Keeping Lucy

Keeping Lucy

From the author of Rust & Stardust comes this heartbreaking story, inspired by true events, of how far one mother must go to protect her daughter. Dover, Massachusetts, 1969. Ginny Richardson's heart was torn open when her baby girl, Lucy, born with Down Syndrome, was taken from her. Under pressure from his powerful family, her husband, Ab, sent Lucy away to Willowridge, a spe...

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Title:Keeping Lucy
Author:T. Greenwood
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Keeping Lucy Reviews

  • Mischenko

    This book captivated me from start to finish!

    It's 1969 and Ginny has just given birth to her second child, a baby girl with down syndrome. The moment she's born, Ginny's doctor tells her that she won't be able to keep the baby, and that her baby will likely die within a few years from a heart condition or something else. Her husband wants to protect the family by sending the baby to a school for children with needs. Ginny doesn't agree with her husband Abbott, but she fe/>Very

    This book captivated me from start to finish!

    It's 1969 and Ginny has just given birth to her second child, a baby girl with down syndrome. The moment she's born, Ginny's doctor tells her that she won't be able to keep the baby, and that her baby will likely die within a few years from a heart condition or something else. Her husband wants to protect the family by sending the baby to a school for children with needs. Ginny doesn't agree with her husband Abbott, but she feels she has no choice and all of it seems to be facilitated by her horrible, controlling, father-in-law. The baby is snatched away while everyone but Ginny seems to forget it ever happened. Over the next few years, life moves forward, but Ginny hasn't forgotten about her daughter Lucy. It still eats at her as she continues to wonder about the condition of Lucy and if this was the right choice. She tries to be a satisfactory mom and wife regardless of all her concerns. In 1971 a report surfaces with claims that Willowridge--the school where little Lucy lives-- has been neglecting the children. The report is horrible and parents have now filed lawsuits against the school. It rips at Ginny's heart and she knows she has to make haste and get to the school to find out the condition of her daughter. Against her husband's wishes, she heads on a trip with her friend Marsha to examine the conditions of the school and to check on Lucy. It turns out the report is true, and Ginny is shocked. She resolves that there's absolutely no way she can allow Lucy to stay at Willowridge any longer. What will Ginny do? With no job and not much money, how can she fix this situation? How can she be the mother Lucy needs and still care for her six-year-old son without the support of her husband?

    I felt so much emotion with this story because of how well-developed the characters were. I grew to really love Ginny after her character flourishes and she finally gets enough courage to stand on her own two feet. I could even relate to the in-law pressure. Marsha (Ginny's best friend) was one of my favorites as well. She's the kind of friend everyone wants, one who's there when you need her, and one who would sacrifice anything for you. My only issue with her was her irresponsibility when it came to her reckless behavior. With that said, there were other characters in the story that I had extreme dislike for and even hate at times. I had to reluctantly put the book down more than once and ask myself repeatedly:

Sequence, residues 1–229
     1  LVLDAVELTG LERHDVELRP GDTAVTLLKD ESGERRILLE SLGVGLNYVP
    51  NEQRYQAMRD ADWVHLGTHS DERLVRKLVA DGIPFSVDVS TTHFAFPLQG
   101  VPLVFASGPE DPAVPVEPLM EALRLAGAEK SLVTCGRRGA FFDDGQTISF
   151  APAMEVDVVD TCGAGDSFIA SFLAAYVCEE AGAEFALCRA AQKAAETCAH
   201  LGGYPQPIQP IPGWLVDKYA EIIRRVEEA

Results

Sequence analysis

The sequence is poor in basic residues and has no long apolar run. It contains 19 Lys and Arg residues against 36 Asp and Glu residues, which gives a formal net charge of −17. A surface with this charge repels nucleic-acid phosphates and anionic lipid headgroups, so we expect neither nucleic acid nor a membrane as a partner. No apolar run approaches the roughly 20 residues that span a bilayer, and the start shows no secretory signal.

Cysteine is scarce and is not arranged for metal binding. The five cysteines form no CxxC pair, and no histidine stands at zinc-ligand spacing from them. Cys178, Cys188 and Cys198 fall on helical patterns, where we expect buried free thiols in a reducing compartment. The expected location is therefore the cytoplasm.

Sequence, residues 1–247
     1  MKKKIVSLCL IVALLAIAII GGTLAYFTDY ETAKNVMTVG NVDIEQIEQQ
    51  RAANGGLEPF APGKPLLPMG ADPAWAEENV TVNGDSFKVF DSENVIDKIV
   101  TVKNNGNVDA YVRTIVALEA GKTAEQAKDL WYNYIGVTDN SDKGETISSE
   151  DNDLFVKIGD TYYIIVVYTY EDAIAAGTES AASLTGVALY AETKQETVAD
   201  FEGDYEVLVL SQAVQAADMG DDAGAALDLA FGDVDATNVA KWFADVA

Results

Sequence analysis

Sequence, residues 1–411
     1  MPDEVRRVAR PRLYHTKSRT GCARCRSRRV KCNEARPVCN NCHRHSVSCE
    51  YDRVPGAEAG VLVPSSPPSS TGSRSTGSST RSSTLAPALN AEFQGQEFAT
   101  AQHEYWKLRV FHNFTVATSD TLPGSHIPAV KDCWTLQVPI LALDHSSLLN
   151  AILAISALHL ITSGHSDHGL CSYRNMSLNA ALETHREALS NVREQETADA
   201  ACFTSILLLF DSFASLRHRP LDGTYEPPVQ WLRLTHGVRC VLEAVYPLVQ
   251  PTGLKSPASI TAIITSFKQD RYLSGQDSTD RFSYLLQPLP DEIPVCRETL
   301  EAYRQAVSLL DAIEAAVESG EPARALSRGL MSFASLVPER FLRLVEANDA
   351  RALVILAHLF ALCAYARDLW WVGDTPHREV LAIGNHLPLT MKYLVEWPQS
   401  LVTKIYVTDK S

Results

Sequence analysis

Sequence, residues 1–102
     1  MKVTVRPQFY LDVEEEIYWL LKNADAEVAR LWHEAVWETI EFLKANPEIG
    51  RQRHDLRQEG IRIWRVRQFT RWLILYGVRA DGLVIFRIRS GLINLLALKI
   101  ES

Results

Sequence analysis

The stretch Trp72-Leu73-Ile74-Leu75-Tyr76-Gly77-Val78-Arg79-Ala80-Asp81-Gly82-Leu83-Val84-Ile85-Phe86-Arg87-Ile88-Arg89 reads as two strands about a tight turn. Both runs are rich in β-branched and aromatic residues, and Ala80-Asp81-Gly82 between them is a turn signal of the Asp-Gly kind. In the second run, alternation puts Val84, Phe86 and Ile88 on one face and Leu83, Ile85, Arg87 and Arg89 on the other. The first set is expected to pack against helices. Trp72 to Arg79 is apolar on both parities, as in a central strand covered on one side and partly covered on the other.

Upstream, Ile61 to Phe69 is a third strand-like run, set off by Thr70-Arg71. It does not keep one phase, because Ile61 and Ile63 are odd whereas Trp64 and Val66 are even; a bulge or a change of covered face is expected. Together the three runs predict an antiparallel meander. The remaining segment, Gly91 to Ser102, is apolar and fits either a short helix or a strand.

It felt that real to me.

    At times the book reminded me of one of my favorite movies:

    , primarily because of Marsha. I couldn't help but think about these two characters and how their 'trip' felt similar. I was on edge often, as the book just kept getting better and better. I was captivated and it felt believable. The writing has a sense of urgency to it and I just couldn't stop until the end. I also loved that the author went back into the characters' histories so that you learn about their family relationships from the beginning. This jumping back and forth between the present 1971 and their past kept it interesting and yet the story remained seamless.

    My absolute only complaint with this book was the ending which felt really rushed after how drawn out the story was, however, I did appreciate the conclusion with how everything turned out. I was willing to overlook the rush, but it just seemed like a few of the characters have a change of heart in an instant--which isn't impossible--just highly unlikely so quickly after how they'd been throughout their history. It was wrapped up so quickly after all that intensity and just seemed a tad too abrupt.

    Overall, I really enjoyed the book and think I may have found a new favorite author, even with this being my first book by T. Greenwood. I loved the articulate writing and how I was pulled in to this story. There's nothing better than a book you simply can't put down--one that you can't wait to gush about to everyone. This is that book. I couldn't resist spilling the entire story to my mom after I finished. With themes of love, friendship, courage, fear, family, and most of all, hope, this is a favorite for 2018!

    5*****

    Thanks to NetGalley, the author, and publisher for sharing a copy of this book with me in exchange for my honest opinions.

  • Deanna

    My reviews can also be seen at:

    Ginny Richardson had always wanted a simple life. Her husband, Ab had said he wanted the same thing. They were going to live in a little cabin in the woods with their children, enjoying nature and each other. Unfortunately, those dreams were shattered early on.

    />Once